The reason I like the alternate picking is
to have the flexibility where I can pick
up an acoustic and, after a brief period
of adjusting, be able to play basically the
same stuff that I could on an electric.
Your tapping is really clean. Some players put hair elastics on the headstock to
keep the open strings from ringing. Is
that how you achieved that clarity?
LaRue: Sometimes I do use that trick—
and I think I did for that one, actually.
Steve, “All Falls Down” demonstrates
your unwavering allegiance to alternate
picking. Even when you play triads
super fast on nonadjacent strings, you
alternate-pick every note, as opposed to
using, say, hybrid picking. What are the
advantages of that?
Morse: Accuracy and the ability to impro-
vise. In other words, I can play pretty
much any arpeggio and I don’t have to
plan out where the pick’s going to go
or which strings I’m going to cross. The
down side is, ultimately, I’m playing with
less speed than someone who’s using a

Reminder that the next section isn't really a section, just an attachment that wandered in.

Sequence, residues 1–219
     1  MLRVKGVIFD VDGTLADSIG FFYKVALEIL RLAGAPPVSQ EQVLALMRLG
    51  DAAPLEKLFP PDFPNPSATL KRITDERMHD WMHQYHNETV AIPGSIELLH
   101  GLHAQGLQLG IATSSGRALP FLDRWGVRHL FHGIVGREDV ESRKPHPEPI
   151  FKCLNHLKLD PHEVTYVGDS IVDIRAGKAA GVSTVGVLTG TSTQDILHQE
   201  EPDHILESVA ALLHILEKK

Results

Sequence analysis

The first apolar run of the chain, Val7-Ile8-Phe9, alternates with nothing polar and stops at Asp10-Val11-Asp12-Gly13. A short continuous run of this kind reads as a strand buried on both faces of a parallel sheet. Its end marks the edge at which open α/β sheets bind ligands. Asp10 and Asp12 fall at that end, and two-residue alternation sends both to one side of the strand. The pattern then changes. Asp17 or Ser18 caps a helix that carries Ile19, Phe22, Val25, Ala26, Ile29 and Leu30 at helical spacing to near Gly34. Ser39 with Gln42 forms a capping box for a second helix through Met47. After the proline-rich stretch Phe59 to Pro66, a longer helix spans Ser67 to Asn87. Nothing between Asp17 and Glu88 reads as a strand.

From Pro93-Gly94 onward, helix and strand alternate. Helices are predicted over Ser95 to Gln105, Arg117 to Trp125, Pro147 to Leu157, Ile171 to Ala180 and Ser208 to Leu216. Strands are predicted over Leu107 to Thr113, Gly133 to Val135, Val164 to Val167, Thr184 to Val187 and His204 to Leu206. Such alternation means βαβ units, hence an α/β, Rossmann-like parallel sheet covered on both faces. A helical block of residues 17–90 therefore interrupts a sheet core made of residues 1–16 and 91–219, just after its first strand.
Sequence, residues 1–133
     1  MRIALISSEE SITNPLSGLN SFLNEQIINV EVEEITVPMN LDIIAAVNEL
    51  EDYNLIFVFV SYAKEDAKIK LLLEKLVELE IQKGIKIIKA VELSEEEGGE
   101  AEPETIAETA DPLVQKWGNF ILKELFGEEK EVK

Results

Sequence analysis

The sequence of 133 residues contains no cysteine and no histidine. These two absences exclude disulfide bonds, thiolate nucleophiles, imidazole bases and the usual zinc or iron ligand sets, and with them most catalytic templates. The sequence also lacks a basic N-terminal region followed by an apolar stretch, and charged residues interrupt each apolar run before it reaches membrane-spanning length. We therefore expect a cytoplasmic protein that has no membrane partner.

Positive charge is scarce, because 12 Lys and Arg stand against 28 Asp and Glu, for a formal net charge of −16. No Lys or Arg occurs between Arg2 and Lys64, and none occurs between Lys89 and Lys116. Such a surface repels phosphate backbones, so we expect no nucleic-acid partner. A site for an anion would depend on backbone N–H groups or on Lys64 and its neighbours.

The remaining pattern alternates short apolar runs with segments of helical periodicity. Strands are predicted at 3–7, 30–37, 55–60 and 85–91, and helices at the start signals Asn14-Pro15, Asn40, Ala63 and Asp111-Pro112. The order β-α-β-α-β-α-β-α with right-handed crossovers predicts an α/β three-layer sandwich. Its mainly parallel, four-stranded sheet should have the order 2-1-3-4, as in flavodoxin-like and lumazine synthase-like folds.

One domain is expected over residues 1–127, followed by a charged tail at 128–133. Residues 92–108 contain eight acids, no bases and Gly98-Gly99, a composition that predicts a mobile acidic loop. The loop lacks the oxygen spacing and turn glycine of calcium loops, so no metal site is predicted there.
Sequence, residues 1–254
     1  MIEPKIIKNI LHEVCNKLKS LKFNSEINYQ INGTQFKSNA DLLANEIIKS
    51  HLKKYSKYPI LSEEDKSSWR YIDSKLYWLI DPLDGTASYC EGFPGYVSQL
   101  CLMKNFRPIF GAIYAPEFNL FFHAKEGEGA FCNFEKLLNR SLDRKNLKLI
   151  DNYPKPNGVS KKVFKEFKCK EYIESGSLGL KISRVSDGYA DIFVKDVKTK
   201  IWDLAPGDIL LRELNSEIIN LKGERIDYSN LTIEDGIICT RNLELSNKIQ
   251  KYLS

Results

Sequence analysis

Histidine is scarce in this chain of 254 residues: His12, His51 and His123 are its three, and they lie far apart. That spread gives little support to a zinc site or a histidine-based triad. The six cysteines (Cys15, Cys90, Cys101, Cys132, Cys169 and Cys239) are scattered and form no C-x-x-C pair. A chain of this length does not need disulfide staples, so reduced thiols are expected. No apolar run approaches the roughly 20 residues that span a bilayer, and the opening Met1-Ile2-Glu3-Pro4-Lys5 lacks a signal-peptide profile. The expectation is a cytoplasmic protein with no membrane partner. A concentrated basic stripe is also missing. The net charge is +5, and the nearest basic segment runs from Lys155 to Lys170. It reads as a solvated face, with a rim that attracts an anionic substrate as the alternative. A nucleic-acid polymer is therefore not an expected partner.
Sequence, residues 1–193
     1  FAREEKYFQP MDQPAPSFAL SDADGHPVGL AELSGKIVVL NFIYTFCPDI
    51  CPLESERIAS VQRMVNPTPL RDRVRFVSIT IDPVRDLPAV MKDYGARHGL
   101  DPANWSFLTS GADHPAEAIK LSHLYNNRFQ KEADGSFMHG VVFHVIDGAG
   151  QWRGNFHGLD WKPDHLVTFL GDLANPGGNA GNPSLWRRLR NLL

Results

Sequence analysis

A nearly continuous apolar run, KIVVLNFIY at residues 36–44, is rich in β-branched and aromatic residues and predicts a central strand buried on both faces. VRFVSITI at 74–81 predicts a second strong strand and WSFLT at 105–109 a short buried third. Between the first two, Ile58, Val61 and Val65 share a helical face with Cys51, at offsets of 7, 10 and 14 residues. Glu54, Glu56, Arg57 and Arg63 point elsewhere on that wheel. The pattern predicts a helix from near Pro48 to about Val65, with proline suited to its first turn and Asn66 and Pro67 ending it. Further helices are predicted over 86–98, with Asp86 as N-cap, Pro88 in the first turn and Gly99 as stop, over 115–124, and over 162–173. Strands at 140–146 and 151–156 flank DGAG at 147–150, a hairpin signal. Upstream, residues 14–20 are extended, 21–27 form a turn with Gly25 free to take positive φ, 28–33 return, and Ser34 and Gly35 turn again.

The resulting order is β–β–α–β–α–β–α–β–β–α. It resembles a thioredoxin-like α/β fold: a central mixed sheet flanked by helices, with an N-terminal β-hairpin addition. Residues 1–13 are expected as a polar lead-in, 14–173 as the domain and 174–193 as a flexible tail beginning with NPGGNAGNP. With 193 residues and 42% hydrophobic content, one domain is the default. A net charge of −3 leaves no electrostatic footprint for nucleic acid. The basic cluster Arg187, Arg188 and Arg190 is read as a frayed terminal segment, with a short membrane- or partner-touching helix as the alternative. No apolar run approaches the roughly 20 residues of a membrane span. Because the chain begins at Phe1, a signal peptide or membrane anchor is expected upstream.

hybrid or sweeping approach—there’s no
question about it. There’s a price you pay
in terms of sheer speed, somewhere around
20 or 30 percent. But, more importantly
to me, I can hear something or imagine
something and play it as long as it’s within
my technical capability, speed-wise. With
string skipping, depending on the way
I hold the pick, I’m just about the same
speed going across the strings as going
linearly. But that’s down a good notch or
two or more from somebody like John
Petrucci, who can play much, much faster.
It’s a different approach.
with alternate picking to get to what he
calls the “hyper-speed” level. Have you
ever considered something like that?
Morse: I’ve tried it just when I’m noodling around through an amp, and unless
I put in a lot of gain—and I mean a lot of
gain, like, with a booster or a distortion
pedal—before the amplifier, I can’t even
come close to making it sound the same.
I’m picking hard and the results sound
too obvious. It would be more successful
for me if I used a thinner pick and really
dedicated some time to it. The reason I
like the alternate picking is to have the
flexibility where I can pick up an acoustic
and, after a brief period of adjusting, be
able to play basically the same stuff that
I could on an electric. Whereas, if I were
incorporating a mixture of, say, hammering and alternate picking, it would be
super obvious on acoustic.
A few months ago, John told us he’s
started combining legato techniques
Do you keep your picking hand at a
specific angle, and if so, what are the
advantages of doing it that way?
Morse: I do spend a lot of time work-
ing on my right hand. I’m left-handed,